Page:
We encounter a pair of Ground Hornbills talking to each other as they stroll through a wooded area. Their deep booming sounds remind me somewhat of the oompah sounds of a tuba. However, maybe a better likeness of their call is when Ngruwe blows across the top of a glass bottle and comes close to the hollow sound the big birds were making. There is a giraffe standing nearby, looking curiously at the musical two bird band as they march by him. As I write this I can hear and see this scene in my mind’s eye as plain as if it were happening now. I don’t know why this had such an impact on me but it surely did.
Our vehicles stops to admire a group of baby impala that someone in our group (I’m sorry I can’t remember who) aptly dubs an impala preschool. The silky little ones are congregated near a dead tree and there are two lizards atop the tree, heads lifted high, as if they are the school monitors.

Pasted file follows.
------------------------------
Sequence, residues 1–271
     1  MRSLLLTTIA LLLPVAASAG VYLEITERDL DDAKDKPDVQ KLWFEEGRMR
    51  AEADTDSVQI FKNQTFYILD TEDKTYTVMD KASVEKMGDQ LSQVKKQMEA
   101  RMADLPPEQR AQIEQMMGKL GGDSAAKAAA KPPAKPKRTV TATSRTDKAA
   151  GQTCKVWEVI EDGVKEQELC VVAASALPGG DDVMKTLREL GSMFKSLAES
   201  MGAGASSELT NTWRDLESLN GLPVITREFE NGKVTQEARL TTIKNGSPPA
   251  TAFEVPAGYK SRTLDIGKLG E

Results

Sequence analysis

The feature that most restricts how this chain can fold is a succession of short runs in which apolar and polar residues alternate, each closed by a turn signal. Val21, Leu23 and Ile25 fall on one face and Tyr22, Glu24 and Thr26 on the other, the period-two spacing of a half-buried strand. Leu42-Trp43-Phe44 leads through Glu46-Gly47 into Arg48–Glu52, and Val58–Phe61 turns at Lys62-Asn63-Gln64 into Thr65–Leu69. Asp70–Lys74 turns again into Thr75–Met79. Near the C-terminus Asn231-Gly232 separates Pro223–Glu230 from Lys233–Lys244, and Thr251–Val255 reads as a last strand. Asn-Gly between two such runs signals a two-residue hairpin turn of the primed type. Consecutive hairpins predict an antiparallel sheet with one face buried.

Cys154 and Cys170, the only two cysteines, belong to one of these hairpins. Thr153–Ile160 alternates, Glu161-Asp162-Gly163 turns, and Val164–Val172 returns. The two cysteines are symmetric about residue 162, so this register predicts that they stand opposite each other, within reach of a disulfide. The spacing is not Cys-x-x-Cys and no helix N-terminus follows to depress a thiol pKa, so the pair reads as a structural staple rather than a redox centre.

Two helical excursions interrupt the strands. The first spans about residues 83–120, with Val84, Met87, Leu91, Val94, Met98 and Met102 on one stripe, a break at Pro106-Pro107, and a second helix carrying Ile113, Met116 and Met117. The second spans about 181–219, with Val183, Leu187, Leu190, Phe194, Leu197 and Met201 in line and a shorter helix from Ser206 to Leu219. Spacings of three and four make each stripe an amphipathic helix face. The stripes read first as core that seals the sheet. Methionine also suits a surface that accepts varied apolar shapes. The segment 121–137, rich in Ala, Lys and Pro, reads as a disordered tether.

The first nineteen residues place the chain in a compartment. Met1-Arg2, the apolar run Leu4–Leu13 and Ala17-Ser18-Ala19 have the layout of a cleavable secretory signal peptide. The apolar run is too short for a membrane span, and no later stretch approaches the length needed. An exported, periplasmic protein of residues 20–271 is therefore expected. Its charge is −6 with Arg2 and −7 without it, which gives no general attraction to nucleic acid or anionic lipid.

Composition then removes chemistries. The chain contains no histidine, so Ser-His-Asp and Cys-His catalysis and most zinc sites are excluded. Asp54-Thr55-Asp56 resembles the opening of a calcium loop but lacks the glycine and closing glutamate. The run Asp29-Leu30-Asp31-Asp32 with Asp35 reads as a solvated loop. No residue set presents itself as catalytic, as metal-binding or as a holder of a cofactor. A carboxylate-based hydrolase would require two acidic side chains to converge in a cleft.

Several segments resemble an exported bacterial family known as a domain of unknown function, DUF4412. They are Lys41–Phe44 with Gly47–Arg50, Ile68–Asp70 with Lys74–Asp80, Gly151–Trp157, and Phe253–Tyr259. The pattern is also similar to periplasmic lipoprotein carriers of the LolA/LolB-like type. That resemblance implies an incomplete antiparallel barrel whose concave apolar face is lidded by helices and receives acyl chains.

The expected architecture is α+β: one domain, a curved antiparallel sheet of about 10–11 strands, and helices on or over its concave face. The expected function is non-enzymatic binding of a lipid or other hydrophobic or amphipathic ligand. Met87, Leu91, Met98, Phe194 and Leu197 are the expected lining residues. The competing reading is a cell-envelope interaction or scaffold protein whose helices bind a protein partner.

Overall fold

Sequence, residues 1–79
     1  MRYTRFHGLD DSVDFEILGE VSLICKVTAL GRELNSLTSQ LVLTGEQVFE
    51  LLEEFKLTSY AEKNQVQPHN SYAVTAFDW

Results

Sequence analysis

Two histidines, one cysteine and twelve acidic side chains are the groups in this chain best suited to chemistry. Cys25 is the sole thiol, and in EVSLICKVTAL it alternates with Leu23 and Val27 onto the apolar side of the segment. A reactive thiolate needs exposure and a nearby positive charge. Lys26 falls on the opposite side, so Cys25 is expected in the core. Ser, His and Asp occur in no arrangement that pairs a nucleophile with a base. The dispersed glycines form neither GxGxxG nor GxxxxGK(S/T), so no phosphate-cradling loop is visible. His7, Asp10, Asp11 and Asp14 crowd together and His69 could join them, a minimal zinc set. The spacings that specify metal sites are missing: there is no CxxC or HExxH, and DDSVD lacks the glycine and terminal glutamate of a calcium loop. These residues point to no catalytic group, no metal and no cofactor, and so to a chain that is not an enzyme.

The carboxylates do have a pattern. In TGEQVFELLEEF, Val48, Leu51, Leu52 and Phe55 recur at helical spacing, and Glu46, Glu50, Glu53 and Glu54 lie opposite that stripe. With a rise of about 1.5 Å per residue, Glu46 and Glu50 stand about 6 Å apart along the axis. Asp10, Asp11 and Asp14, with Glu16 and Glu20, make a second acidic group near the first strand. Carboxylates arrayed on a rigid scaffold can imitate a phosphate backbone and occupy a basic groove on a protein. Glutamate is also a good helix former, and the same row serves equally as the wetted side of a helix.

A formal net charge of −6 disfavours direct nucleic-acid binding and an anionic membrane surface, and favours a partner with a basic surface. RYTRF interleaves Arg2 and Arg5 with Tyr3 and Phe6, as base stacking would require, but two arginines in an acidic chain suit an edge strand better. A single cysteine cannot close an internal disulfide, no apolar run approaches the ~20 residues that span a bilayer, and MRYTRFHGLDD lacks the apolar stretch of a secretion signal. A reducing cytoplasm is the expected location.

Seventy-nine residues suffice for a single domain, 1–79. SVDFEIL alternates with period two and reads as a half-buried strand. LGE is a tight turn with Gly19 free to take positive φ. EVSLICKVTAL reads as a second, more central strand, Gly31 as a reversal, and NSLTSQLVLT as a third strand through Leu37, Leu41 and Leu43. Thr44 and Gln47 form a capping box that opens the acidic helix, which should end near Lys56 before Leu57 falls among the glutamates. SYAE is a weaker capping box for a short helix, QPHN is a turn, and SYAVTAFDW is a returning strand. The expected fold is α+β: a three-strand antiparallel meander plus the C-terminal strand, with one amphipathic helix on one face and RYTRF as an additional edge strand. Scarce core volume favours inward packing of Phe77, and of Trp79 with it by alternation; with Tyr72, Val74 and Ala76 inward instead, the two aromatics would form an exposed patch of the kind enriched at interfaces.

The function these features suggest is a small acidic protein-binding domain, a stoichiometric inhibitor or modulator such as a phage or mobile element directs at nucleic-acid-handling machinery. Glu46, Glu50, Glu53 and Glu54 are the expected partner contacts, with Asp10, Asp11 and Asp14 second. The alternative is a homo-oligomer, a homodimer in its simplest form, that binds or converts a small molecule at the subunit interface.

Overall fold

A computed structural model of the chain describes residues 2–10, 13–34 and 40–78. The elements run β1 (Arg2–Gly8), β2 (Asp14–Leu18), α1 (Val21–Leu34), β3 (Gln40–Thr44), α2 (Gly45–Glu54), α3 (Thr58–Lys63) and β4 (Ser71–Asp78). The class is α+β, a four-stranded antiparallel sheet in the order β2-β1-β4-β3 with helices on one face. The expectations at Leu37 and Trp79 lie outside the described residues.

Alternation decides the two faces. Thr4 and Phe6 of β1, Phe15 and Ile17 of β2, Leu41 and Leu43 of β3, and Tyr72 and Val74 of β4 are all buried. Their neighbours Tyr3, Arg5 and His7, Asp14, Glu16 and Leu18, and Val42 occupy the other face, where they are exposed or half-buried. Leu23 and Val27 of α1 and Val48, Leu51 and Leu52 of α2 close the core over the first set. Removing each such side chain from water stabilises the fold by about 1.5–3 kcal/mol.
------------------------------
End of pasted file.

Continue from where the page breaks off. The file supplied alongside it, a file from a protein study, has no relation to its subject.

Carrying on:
Continuing driving along the edge of the Ruaha River we watch Impala and Kudu cautiously approach the water to drink. Both antelope species warily eye the river’s edge and when they do lower their heads to the water, Kudu and impalas alike keep their legs stretched back in a position that will allow them to spring away from a lurking crocodile if one tries to attack the vulnerable animals while they drink.
Our vehicles stop on a bluff overlooking the Ruaha River and we watch a parade of elephant as they wade into the water, first drinking and then crossing to the other side. There is a group of hippopotamuses downstream from the elephants where the babies have crawled up on the adult’s backs in order to stay above water.